Star rating – 6/10
This promising thriller by Simon Lelic starts off with what seems to be a Guantanamo style plot. Arthur Priestley – a dentist from Ealing – is not the most likely person to have been captured by security forces under repressive new terror legislation – the Unified Security Act – but he nevertheless finds himself in some sort of captivity and he is not quite sure why. It transpires that this is not about politics, but a new and deadly disease that is starting to affect certain groups of people such as gay men, so that the right wing Government feel they have to take draconian, if not Orwellian, measures to combat it. The parallels with HIV are obvious but this disease is much deadlier and quicker to kill than any other. And Arthur cannot see why he should have been rounded up.
Cue Priestley’s separated wife Julia, who won’t simply sit back and accept her husband’s disappearance, so she goes to young left wing investigative journalist Tom Clarke to see if he will help her. She is attractive and her story compelling, so Tom can’t resist either. The book is a real page turner as they try to track down the top secret place where they think Arthur and others are being held. They embark on a romance in the process of their search, which feels slightly clichéd but is not a major criticism.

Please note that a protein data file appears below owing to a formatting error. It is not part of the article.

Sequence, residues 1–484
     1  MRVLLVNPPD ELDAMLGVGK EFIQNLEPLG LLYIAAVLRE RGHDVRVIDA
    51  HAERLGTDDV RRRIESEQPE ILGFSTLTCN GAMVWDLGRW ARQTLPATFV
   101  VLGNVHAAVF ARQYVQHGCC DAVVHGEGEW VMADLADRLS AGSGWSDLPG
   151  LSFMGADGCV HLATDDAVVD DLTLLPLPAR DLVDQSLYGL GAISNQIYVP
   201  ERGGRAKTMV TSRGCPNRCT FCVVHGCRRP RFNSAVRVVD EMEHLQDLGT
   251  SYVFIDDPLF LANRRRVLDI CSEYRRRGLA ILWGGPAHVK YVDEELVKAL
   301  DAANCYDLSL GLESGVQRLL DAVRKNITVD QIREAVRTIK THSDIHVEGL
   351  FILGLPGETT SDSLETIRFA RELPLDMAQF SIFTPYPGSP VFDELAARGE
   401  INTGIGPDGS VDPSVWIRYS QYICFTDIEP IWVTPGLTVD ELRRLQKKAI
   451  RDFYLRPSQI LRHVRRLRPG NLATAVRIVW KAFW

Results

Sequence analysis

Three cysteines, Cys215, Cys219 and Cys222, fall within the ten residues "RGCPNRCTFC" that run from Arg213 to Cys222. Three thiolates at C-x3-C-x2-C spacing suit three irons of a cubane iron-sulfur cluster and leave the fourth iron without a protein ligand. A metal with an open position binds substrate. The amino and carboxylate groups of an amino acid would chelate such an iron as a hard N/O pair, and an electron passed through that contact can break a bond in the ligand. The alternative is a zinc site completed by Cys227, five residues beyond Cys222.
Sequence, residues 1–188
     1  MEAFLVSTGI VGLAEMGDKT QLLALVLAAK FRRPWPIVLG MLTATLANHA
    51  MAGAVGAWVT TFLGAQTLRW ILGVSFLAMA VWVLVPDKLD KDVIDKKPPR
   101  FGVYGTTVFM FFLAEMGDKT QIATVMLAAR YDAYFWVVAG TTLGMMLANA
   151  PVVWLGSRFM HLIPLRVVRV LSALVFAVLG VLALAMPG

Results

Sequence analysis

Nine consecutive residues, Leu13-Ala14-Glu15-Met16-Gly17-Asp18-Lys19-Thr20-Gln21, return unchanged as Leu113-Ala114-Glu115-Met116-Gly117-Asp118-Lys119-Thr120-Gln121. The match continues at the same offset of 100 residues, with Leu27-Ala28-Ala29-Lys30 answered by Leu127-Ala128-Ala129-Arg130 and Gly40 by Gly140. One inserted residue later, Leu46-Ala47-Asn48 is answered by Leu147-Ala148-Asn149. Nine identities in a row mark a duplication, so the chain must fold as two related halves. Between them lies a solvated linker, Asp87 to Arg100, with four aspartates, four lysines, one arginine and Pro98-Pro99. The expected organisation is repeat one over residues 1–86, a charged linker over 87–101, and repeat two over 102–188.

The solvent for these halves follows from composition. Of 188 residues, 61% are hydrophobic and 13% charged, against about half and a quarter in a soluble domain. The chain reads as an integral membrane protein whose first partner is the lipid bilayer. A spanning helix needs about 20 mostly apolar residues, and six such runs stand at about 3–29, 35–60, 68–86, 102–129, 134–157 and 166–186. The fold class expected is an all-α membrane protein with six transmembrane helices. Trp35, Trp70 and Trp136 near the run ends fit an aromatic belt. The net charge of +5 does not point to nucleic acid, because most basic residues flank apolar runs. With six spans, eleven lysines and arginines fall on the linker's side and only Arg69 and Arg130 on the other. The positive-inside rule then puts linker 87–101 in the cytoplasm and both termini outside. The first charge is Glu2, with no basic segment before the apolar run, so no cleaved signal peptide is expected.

The issue for me is that Lelic makes his story hover half way between a frightening dystopian nightmare, and an everyday reality that could very well happen anywhere today. And it is slightly less powerful for that. His use of characterisation is also a bit erratic. For example another main character, Harry Graves, who is really a prison governor but shipped into run the secret facility and to ask no questions, starts off as a man guilty because of his very sporadic communications with his daughter, and his failure to let her know where he is at the moment. We then only get a heartless, faceless bureaucrat for another 200 pages or so before his personal life encroaches again when he goes to visit his daughter. That feels a bit unconvincing.
Which is also the problem with the plot – it just fails to convince enough to grip the reader all the way through the book in the way a thriller such as this should do. It is very well written, but just maybe needs to nail its colours to the mast of being a modern Orwellian nightmare a little more than it does. But Lelic shows in this, his second novel, that he is certainly a very good writer, who can twist a plot and thrill along the way. Definitely one to watch.